Aussie dollar looks to jobs for inspiration
The Australian dollar traded in a reasonably tight range overnight with price action largely adhering to U.S equity moves. The next key directive for the local unit is today's jobs report, which is expected to show the Australian economy added 4,500 new jobs in December with the unemployment rate likely to have risen from 5.2 to 5.4 percent. We've seen a reluctance to break the upside of 105.8 and 106 US cents, and any significant deviation to the upside of estimates today will no doubt see these levels put to the test once again while set the inflection point needed for further gains. While a net 4,500 new jobs is conservative, it still may be a tad ambitious if we consider recent precursors such as the ANZ job ads earlier this week. To explore the downside we can see the 105.25/3 level is key, with a move below likely to encourage further downside momentum.
Markets are also gearing up for a series of economic reports from China, with GDP Industrial production, fixed asset investment and retail sales on tomorrow's agenda.
At the time of writing the dollar is buying 105.7 US cents.
A hybrid of themes guided US equities overnight with corporate earnings and debt ceiling concerns remaining prominent directives. Risk trends appeared to err on the side of caution with the greenback moderately higher against major counterparts, but there remained little conviction to spur any meaningful moves and high beta currencies such as the Aussie and Kiwi remained bid. Corporate earnings that beat estimates from banking heavyweight Goldman Sachs beat estimates, while JP Morgan's were largely in line with expectations.
Data released overnight showed U.S consumer prices were flat in December with the annual rate of inflation at 1.7 percent from a previous and expected 1.8 percent. Excluding the volatile food and energy components of the index, inflation grew at a yearly pace of 1.9 percent. Subdued inflation pressures is supportive the view the Fed will remain on the interest rate side lines for longer, with their threshold of 2.5 percent nowhere in sight.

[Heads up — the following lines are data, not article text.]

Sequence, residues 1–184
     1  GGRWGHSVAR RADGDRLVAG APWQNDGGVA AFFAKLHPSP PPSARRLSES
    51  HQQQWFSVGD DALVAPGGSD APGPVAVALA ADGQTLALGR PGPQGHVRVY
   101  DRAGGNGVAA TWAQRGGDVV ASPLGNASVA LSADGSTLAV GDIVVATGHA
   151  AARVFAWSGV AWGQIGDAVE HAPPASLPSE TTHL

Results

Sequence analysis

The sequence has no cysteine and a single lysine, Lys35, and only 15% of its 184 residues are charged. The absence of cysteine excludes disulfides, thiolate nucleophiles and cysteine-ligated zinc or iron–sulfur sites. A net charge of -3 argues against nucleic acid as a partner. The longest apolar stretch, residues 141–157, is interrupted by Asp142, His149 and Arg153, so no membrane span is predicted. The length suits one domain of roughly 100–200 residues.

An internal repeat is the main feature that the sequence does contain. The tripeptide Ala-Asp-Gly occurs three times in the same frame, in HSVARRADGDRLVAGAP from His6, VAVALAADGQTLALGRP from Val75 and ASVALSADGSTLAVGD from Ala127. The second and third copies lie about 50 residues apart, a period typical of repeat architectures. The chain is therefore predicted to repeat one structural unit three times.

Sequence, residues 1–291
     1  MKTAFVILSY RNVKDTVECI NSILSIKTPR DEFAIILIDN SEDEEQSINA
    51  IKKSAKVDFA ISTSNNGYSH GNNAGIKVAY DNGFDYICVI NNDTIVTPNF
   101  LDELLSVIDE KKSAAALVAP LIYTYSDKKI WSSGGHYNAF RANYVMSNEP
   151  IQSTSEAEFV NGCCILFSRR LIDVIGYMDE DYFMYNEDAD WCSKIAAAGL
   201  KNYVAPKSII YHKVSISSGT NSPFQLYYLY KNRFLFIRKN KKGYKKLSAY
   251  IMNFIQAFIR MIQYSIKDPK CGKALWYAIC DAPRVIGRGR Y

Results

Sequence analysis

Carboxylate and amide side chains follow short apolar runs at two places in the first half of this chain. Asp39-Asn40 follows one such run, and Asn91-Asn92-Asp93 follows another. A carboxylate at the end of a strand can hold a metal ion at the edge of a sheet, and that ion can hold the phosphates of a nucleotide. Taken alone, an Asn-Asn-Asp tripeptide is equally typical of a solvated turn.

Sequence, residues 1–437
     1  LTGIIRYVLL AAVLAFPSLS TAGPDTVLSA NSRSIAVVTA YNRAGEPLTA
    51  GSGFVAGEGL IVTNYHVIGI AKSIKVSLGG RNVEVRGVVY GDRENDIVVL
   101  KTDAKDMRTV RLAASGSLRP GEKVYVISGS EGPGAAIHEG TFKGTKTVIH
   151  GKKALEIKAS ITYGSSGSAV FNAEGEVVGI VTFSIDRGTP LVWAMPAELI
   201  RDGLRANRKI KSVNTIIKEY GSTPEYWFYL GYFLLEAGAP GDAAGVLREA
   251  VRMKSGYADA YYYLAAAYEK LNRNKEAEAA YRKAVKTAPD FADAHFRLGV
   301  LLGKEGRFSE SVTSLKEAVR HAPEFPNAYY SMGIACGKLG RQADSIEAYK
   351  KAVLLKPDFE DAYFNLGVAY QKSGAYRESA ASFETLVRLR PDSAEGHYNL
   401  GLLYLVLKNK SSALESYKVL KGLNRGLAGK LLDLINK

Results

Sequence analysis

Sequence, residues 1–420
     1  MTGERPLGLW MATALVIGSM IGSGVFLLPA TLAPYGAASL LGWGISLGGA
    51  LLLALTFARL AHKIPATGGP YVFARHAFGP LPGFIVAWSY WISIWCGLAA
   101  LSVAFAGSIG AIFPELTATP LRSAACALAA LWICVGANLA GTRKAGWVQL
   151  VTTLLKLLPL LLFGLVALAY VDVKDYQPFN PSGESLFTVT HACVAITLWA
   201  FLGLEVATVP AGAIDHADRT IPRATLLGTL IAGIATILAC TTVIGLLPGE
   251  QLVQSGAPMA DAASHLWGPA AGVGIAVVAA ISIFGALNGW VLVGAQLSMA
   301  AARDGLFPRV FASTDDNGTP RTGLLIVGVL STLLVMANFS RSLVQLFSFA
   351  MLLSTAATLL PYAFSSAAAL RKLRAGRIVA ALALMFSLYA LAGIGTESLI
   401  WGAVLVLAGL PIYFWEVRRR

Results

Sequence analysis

Industrial production rose 0.3 percent in December, in line with estimates but down from 1-percent in December, while manufacturing production beat expectations with a 0.8 percent jump.
True to form, 'modest' appears to be the adjective of choice to describe U.S economic growth according to the Fed's Beige Book. The report which is anecdotal report of economic conditions in 12 U.S districts continued to show only moderate improvement last month with auto sales and housing a bright spot, but most importantly little progress was seen in labor market conditions.
Across the Atlantic, Euro-Zone Consumer prices rose 0.4 percent in December to represent 2.2 percent growth in annual terms. Core prices rose 1.5 percent on year. Both gauges were in line with consensus estimates.
The Euro continued to ease across the board after last week's solid performance, with the EURUSD pair falling below the $US1.33, while losing recent momentum seen against the Swiss franc.
It would appear markets have taken heed to a little jawboning from Eurogroup President and Luxembourg Prime Minister Jean-Claude Juncker, who said the Euro is "dangerously high." Euro price action - in part - is reflecting relative stability in the region after an extended period of disorder across the periphery, and while this may appear positive, the repercussions of a stronger currency may hamper the export competitiveness of Europe's largest economy, Germany. The fear of being caught short appears to have taken precedence over the fear of further disorder in the region and it's apparent we're seeing dissolution of Euro short positioning which plagued markets intermittently throughout 2012.
At the time of writing the Euro is buying $US1.3290.